The best thing about Flow is that almost anyone can create a complex business process with a simple drag-and-drop UI.

The worst thing about Flow is that almost anyone can create a complex business process with a simple drag-and-drop UI.

This is not a typo. Flow gives almost anyone unlimited power, and you know the saying: “With great power comes great responsibility”. In the past, only Salesforce Developers could craft such complex processes thanks to Apex. Developers saw themselves as the elite, the only ones who had access to create truly amazing experiences. Now, that power is diluted.

As I said earlier, there’s a lot of criticism in the Salesforce community about Flow, and a good portion of that criticism comes from developers. Some think this is a form of elitism or gatekeeping, and while there’s probably some truth to that, it’s actually more complicated.

The main criticism appears to be that while Flow offers almost unlimited power to anyone who can drag and drop boxes on a screen, it doesn’t provide the necessary guardrails to prevent vulnerabilities, data corruption, or the fair use of Salesforce Governor Limits. Additionally, Flow’s awkward XML representation makes it almost impossible to integrate into a typical Salesforce CI/CD pipeline. However, most concerning is that flows can be edited directly in production, just like that. This means anyone with admin access can quickly create a Flow that (by mistake) deletes, corrupts, or compromises production data.

In contrast, writing Apex is a lot harder for the general population. This means that not anyone can write Apex. You need special training and a solid understanding of programming. Apex also comes with a robust testing framework that allows you to test your code, and it can be easily added to a Salesforce CI/CD pipeline with pull requests and standard approvals. This means that, in general, Apex offers much more support for enterprise security and adherence to strong development standards.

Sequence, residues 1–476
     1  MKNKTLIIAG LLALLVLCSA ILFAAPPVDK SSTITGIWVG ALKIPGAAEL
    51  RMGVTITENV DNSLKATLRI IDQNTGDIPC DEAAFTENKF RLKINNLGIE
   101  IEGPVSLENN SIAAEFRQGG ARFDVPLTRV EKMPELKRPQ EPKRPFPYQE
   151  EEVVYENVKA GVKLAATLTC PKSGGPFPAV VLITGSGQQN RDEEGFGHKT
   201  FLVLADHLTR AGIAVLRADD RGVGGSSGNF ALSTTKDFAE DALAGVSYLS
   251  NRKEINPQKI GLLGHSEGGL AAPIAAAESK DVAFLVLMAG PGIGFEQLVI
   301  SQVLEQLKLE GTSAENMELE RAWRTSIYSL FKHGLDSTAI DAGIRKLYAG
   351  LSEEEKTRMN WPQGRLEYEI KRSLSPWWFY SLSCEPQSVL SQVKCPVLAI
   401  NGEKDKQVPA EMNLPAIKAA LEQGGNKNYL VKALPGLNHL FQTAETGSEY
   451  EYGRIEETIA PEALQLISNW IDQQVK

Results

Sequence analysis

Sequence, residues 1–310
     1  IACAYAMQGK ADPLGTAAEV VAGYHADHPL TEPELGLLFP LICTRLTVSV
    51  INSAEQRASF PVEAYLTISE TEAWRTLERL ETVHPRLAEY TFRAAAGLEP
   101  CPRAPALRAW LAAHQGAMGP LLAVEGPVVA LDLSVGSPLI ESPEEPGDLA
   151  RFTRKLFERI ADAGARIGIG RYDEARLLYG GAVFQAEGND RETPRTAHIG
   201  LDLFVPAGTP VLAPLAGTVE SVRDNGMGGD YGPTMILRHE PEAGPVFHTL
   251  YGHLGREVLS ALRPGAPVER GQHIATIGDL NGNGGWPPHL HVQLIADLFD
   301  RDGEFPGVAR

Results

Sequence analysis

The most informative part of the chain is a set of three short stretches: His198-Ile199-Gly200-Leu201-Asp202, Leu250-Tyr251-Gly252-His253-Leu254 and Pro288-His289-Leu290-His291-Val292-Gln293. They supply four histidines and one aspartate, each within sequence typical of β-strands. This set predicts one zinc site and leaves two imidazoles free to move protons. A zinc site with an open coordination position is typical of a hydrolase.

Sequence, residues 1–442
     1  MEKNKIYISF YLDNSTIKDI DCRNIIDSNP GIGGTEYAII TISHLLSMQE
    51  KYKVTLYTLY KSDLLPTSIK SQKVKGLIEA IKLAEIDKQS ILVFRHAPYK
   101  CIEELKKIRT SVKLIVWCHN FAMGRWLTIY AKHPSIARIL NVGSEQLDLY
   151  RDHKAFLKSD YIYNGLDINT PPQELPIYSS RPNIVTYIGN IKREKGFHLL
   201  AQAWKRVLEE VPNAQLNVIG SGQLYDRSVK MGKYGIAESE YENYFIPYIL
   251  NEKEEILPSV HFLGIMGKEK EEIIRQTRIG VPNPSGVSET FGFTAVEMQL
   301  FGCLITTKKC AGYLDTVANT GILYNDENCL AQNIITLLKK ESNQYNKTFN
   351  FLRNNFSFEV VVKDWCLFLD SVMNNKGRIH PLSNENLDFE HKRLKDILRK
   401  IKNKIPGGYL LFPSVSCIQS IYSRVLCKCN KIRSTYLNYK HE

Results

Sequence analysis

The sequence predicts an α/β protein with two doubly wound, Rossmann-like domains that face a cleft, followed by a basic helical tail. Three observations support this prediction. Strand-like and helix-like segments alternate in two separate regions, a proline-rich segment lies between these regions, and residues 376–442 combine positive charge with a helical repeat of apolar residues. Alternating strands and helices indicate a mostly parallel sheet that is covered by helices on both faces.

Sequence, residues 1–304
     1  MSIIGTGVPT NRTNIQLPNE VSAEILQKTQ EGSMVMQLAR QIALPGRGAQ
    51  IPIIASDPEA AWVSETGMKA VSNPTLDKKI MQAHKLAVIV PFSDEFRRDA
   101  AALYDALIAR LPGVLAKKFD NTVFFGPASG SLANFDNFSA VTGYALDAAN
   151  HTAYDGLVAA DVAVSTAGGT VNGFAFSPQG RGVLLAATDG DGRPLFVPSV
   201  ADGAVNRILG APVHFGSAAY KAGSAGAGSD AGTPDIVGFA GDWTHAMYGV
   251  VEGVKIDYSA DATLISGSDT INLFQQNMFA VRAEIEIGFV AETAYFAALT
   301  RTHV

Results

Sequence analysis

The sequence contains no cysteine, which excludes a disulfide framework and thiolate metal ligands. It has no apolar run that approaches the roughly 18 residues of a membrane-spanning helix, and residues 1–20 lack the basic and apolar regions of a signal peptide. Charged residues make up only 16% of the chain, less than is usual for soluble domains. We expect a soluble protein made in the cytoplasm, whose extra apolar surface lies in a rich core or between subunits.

Notice the emphasis on the word “offers”. Just because Apex offers more guardrails doesn’t mean that Apex is inherently better than Flow. If you’ve been developing on the platform for a while, you would have one or two horror stories about Apex code – that is a big ball of mud, an untangled mess that no one can understand, let alone dare to change! So, using Apex does not guarantee anything.

But what about the code coverage enforcement?, you ask. That is simply code coverage enforcement – it says nothing about the validity, accuracy, and completeness of those tests. You can have 90% test coverage without actually testing your business logic.

So, if Apex isn’t guaranteed to produce better results than Flow, what are we actually arguing about?

New Abstractions Take Time to Sink In

Flow is a higher level of abstraction that allows us to think about complex problems with a relatively simple UI, and humans have a record of opposing new abstractions. Abstraction sounds like a complicated topic, but it isn’t. Abstraction is when we use a mental map to make sense out of something that would otherwise be (more) complex.

An example of abstraction is when you see a map in a zoo or amusement park. That map isn’t an accurate representation of the actual distances between attractions – it’s a simple mental model to help you find where you are and figure out the path to the next attraction.